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throughput issue dropped packet slow start

asked 2018-07-10 19:08:26 +0000

anonymous user

Anonymous

Peeps,

I have a 1g link and I am using iperf to test throughput. I am only getting around 20Mbps. If I use 10 parallel streams I can push 100Mbps on the link but still only 20Mbps per stream. I have to work remote so I can only capture on the device. I am guessing because of the dropped (looks like its drop at the receiving nic but i am not sure, nic reports no dropped packet and the interface also reports no dropped packet) the slow start can't reach its full potential.

Thanks for any insite you may have.

https://drive.google.com/open?id=165v...

https://drive.google.com/open?id=1ERS...

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answered 2018-07-11 05:19:53 +0000

NJL gravatar image

updated 2018-07-11 05:27:52 +0000

The TCP Receive Window is way to low for you to fill that 1G circuit with such a high round trip time (RTT). You should be able to tune the TCP behaviour on the receiver to allow it to scale the Receive Window much higher than the 212992 bits that the receiver sets.

The optimum TCP Receive Window for a 1Gbps link with a RTT of 73msecs (as in your capture), the result is 9,125MB (Bandwidth in bits * RTT in seconds = Windows Size in bits / 8 = Window size in Bytes)

For more information one place to start is this presentation by Kary Rogers.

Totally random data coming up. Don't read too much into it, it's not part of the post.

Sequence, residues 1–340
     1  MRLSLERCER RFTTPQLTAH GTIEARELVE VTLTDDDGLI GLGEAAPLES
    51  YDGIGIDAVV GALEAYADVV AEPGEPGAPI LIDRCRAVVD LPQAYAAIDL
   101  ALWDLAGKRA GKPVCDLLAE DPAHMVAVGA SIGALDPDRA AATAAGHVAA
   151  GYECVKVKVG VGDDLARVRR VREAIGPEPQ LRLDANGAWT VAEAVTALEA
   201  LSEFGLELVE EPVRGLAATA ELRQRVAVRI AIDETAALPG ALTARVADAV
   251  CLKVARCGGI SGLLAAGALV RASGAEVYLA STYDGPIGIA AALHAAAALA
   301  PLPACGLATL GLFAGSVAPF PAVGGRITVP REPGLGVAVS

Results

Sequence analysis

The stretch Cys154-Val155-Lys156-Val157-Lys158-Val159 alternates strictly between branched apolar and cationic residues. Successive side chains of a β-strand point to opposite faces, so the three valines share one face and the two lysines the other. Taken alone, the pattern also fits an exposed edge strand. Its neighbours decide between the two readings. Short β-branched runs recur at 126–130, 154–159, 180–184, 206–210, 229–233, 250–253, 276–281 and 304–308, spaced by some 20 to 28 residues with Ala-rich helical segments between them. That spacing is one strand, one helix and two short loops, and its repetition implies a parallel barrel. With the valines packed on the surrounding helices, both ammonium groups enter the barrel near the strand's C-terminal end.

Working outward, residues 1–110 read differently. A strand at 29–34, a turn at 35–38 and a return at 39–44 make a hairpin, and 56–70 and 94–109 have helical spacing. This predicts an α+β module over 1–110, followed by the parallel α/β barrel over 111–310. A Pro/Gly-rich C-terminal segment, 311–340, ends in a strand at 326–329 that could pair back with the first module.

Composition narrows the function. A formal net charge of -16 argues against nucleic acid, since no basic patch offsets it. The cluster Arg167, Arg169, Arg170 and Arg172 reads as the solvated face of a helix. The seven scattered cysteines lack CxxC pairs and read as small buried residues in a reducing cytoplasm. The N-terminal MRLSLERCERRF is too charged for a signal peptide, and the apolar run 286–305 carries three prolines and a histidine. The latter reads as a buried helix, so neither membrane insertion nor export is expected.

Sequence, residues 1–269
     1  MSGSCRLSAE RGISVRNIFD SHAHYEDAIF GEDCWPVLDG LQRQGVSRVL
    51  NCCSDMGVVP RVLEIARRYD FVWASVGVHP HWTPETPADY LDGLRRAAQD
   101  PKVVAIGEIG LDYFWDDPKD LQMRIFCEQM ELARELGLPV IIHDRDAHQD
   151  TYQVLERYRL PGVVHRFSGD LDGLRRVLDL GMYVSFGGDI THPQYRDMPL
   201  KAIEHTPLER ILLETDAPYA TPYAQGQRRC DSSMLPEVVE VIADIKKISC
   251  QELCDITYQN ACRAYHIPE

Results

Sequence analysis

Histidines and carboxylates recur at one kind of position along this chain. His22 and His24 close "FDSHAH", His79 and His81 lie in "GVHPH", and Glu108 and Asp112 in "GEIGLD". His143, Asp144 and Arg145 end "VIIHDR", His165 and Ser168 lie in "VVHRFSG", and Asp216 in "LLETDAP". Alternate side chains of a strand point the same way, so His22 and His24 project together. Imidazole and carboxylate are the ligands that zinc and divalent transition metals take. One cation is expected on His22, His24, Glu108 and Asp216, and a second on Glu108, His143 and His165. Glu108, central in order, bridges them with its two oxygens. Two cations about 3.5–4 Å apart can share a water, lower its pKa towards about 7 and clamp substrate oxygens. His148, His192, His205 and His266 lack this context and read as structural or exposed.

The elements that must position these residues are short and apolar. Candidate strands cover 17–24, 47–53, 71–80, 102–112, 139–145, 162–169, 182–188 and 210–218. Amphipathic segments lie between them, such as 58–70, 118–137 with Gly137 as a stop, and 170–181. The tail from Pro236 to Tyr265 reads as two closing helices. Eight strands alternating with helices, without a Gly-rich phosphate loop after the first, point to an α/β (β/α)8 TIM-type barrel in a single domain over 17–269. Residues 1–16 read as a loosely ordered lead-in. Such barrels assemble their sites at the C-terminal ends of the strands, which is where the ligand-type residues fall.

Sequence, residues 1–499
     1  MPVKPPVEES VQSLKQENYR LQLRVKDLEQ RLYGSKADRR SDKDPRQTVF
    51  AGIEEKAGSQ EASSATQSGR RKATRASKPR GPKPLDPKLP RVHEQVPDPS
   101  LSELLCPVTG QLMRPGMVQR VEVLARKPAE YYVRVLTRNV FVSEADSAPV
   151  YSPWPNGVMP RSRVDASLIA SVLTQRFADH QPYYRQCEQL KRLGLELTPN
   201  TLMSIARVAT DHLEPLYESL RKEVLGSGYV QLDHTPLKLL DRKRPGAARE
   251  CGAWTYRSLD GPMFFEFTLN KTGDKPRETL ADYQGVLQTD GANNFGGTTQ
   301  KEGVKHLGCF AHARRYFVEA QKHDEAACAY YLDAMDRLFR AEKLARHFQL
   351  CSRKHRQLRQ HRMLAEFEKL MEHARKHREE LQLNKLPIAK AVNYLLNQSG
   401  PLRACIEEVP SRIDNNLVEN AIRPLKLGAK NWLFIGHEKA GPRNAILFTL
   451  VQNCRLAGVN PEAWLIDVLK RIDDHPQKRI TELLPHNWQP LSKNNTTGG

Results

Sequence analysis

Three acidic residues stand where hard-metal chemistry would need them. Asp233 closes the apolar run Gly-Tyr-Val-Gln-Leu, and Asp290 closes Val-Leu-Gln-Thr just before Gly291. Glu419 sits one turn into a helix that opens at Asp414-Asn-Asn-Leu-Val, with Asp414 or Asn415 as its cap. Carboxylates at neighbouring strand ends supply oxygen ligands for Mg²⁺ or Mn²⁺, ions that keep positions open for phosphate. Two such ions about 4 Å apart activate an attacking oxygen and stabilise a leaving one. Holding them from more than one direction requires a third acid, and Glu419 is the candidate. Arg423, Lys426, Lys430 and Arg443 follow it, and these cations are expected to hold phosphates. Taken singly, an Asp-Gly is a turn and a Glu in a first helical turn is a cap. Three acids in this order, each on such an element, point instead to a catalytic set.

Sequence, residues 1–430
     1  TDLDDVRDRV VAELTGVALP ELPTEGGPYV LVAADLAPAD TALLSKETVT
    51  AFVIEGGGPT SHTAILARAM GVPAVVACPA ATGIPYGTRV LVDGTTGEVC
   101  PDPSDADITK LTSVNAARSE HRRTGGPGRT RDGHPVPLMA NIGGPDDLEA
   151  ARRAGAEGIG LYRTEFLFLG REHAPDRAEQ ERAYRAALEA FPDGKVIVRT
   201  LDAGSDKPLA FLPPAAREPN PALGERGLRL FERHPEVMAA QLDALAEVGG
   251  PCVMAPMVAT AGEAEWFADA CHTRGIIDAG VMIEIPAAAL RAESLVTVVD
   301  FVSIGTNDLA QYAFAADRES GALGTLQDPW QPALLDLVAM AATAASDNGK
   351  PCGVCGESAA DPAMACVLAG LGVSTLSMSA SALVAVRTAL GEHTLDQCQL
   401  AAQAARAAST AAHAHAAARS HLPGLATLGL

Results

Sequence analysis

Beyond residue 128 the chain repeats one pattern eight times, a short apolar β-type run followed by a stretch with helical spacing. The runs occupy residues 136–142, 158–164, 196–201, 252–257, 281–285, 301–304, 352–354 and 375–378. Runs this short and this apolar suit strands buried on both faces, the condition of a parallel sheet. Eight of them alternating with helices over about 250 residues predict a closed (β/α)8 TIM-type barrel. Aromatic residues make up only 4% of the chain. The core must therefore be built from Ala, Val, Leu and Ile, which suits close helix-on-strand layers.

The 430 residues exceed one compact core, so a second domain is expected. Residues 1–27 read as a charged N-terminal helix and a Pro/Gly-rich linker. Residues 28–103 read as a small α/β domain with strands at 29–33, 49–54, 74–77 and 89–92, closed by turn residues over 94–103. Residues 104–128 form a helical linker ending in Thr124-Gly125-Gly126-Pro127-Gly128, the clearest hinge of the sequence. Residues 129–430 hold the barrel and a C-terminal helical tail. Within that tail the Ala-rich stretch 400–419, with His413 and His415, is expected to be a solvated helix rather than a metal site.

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Hi Kary,

Are you the packetbomb.com guy?

If I do the same test but send on a different subnet (on the same router) the receiver window is larger (same receiver as the test I sent.)

Form my understanding the receiver window is determined the the servers ability to process packets ie buffer is full lower window.

Thanks!

Helpless gravatar imageHelpless ( 2018-07-12 20:26:23 +0000 )edit

Hi, No sorry, I'm not Kary - I'm NJL :-)

I'm not sure I follow what you mean.

Can you upload a new capture?

NJL gravatar imageNJL ( 2018-07-13 07:33:02 +0000 )edit

All,

I did 2 iperf test today the first test was sent from 172.21.2.150 going to 172.21.1.161. These servers are in two different data centers. I used the basic -c command and the throughput was around 20Mb over a Gig link.

The second test was sent from 172.21.1.80 going two 172.21.1.161 These servers are in the same subnet same location. I used the -c and -b 200m commands. The throughput was 200MB.

The calculated window size is the same for both but the throughput is way different

https://drive.google.com/open?id=16Ag...

https://drive.google.com/open?id=1IDd...

https://drive.google.com/open?id=1pTf...

https://drive.google.com/open?id=1_Cw...

Helpless gravatar imageHelpless ( 2018-07-13 15:46:58 +0000 )edit

First off, please don't answer a question in the comment section with an answer to your original question, that will only confuse other readers. You should use a comment instead.

The problem is the size of the receive window coupled with the latency between your servers. With a TCP Receive Window too low, the sender will never put enough data on the wire to "fill the pipe" towards the receiver and the sender must wait for the receiver to ACK the sent data, before he can send another chunk of data. This means that the sender is idle for the most part, waiting for ACKs from the receiver. Solution: Increase the TCP Receive Window on the receiver.

Regarding your capture between servers locally:

If you also have 1Gbps of bandwidth to/from both of the local servers, then you should see higher throughput and in the captures you've ...(more)

NJL gravatar imageNJL ( 2018-07-13 16:24:02 +0000 )edit

NJL,

Thanks for taking the time to help me.